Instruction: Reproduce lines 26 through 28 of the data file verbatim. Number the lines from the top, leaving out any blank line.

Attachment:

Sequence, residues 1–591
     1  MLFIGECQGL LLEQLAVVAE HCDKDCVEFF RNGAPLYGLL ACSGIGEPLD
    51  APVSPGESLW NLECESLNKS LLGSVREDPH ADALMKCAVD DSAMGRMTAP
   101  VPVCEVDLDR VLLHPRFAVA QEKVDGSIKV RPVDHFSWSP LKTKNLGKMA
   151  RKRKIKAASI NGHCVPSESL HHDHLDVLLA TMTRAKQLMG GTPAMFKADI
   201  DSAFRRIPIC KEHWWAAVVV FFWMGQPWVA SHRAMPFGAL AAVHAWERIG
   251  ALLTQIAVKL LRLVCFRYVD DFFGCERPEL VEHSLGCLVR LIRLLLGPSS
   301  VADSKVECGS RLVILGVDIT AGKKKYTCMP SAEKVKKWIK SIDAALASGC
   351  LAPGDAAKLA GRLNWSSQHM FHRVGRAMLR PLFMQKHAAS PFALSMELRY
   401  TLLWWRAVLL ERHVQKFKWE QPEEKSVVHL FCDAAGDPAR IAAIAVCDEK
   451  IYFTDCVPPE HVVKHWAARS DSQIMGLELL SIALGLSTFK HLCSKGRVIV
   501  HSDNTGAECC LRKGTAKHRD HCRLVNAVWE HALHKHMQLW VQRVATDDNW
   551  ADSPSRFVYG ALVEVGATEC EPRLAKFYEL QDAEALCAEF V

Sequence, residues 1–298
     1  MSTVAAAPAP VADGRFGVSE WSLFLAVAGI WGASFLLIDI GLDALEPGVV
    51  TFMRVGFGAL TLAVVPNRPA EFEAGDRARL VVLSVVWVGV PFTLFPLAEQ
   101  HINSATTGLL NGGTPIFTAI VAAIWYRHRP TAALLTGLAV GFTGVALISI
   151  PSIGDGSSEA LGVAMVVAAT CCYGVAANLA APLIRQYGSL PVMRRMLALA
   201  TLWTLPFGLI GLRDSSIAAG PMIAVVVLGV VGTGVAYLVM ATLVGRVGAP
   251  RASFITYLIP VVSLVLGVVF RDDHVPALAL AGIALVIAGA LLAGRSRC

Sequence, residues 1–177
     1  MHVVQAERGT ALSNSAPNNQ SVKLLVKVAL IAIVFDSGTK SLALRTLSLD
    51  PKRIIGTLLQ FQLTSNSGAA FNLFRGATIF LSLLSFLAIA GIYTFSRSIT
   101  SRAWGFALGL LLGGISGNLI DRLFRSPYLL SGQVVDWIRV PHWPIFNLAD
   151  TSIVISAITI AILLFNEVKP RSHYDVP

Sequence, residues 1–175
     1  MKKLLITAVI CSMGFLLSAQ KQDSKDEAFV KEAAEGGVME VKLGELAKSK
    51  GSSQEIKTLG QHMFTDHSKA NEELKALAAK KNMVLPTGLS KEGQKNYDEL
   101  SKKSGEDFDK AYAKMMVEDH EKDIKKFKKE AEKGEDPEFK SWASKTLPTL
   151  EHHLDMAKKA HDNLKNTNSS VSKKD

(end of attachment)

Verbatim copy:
Sequence, residues 1–175
     1  MKKLLITAVI CSMGFLLSAQ KQDSKDEAFV KEAAEGGVME VKLGELAKSK
    51  GSSQEIKTLG QHMFTDHSKA NEELKALAAK KNMVLPTGLS KEGQKNYDEL